Did you know that over half the fuel we consume is used for speeding, accelerating and braking?
One of the best ways to improve your fuel economy is throught efficient driving. When you start, accelerate, slow or stop your vehicle, you are changing the momentum of several hundred kilos of dead weight. This takes energy. The energy comes from burning fuel.
If you minimise rapid changes in speed and direction, you minimise fuel consumption. It will not only save you fuel costs — but also reduce wear and tear on your car’s engine, transmission, brakes and tyres, saving you even more money on running costs.
You will save fuel if you:
Smooth use of the accelerator is not only more comfortable for you and your passengers, it’s also a little more efficient (less scuffing of tyres and less energy loss through suspension movement). It’s also better for the longevity of the vehicle and is in general the sign of a skilled and efficient driver.
Avoid Heavy Breaking:
Minimise the need to brake by anticipating traffic conditions. Be alert for slow-downs, red lights and brakes being applied ahead of you. When driving, your attention should be as far down the road as possible. This gives you more time to react to changing conditions.
The enemy of efficient driving is hurry. Leave for your destination a little earlier so that you don’t feel the pressure to drive faster and brake harder. Driving efficiently is more relaxing than the typical person’s stop-go driving style —but you do need to allow that bit of extra time.
Use Gear Sensibly:
Sensible use of the gearbox is important. Driving in a lower gear than is necessary and revving the engine hard wastes fuel. Change up through the gears as soon as practical, though not so quickly that the engine labours.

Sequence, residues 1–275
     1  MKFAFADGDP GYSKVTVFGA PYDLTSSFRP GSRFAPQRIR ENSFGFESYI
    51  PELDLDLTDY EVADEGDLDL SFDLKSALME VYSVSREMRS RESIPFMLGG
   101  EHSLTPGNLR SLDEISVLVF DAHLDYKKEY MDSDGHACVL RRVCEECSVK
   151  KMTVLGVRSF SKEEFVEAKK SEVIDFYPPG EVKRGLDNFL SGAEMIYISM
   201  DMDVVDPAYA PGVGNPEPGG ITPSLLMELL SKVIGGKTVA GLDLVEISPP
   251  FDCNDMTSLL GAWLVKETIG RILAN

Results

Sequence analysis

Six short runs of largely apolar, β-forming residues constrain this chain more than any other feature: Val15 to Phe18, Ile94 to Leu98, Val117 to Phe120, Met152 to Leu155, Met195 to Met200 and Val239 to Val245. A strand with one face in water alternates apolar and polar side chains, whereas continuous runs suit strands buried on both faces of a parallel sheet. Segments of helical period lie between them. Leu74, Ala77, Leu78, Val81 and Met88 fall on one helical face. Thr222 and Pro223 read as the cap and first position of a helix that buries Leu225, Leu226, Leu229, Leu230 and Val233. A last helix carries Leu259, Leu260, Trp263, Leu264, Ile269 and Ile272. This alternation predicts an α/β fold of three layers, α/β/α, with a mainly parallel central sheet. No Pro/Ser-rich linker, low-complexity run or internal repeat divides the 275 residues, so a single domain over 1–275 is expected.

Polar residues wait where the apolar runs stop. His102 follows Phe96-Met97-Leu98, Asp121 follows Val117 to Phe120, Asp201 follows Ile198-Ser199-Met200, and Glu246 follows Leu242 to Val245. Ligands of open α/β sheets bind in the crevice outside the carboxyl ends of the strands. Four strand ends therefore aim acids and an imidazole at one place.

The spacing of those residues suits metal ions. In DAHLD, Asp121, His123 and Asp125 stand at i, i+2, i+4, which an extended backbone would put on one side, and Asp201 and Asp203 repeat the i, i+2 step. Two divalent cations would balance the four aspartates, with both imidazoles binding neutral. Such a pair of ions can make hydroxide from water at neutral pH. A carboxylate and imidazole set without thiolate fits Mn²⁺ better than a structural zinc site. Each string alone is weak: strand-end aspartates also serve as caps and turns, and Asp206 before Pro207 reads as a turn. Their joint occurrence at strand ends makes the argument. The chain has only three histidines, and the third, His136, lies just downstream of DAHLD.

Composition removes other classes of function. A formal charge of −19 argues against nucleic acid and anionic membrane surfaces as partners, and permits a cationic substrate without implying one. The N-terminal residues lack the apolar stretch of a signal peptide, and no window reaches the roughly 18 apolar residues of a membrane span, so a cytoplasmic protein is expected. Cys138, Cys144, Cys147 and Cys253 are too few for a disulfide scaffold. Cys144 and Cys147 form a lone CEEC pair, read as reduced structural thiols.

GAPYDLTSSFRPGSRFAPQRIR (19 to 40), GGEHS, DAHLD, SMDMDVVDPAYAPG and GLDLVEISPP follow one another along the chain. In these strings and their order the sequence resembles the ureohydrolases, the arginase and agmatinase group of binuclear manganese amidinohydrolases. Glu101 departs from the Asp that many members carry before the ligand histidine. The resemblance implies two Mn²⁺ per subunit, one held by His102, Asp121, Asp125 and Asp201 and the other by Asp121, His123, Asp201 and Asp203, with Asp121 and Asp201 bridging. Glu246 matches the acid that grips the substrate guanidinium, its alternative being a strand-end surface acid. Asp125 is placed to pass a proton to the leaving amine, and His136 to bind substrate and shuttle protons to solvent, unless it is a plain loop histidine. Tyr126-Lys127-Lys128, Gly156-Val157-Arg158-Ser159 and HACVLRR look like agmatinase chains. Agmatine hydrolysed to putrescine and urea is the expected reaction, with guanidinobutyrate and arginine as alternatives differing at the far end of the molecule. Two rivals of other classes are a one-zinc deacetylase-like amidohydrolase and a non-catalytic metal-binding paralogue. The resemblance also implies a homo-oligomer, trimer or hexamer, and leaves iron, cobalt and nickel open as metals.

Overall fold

Efficient driving requires you to anticipate changes in the road environment. Scan your intended path constantly. In city driving you should know what’s happening at least 10-15 seconds ahead. On the highway, at least 30 seconds visual lead-time is safer.
Adjust Your Seat:
Position your driver’s seat so that you are not too close to the pedals, while making sure you can still operate them comfortably. Being further back prevents you from mashing the fuel pedal and/or the brakes too heavily.
Use Cruise Control:
If your car is fitted with a cruise control, use it for highway driving to maintain a steady speed – efficient driving always saves fuel. Only use cruise control on flat roads, however. In hill country, it responds to changes in grade by feeding in more power on the uphill and releasing it on the descent. An efficient driver would slow for the upgrades and use the downgrades to gradually pick up speed again.
Stop-start driving is much less efficient and much more polluting than driving at a constant speed. Try not to travel during peak-hours and on congested roads. If you can drive at an earlier or later time, or use an alternative route to avoid heavy traffic, do so.
Maintain Optimum Speed:
Speeding can be, by itself, a big fuel waster. Reducing your speed from 70 mph or 112 km/h to 55 mph or 88 km/h can improve your fuel economy by a whopping 25%.
No matter what kind of vehicle you drive, eliminating weight can go a long way toward increasing your car’s fuel efficiency. The less weight there is in your car, the better the fuel mileage. One estimate is that each extra fifty kilos of weight can reduce fuel economy by up to 2%.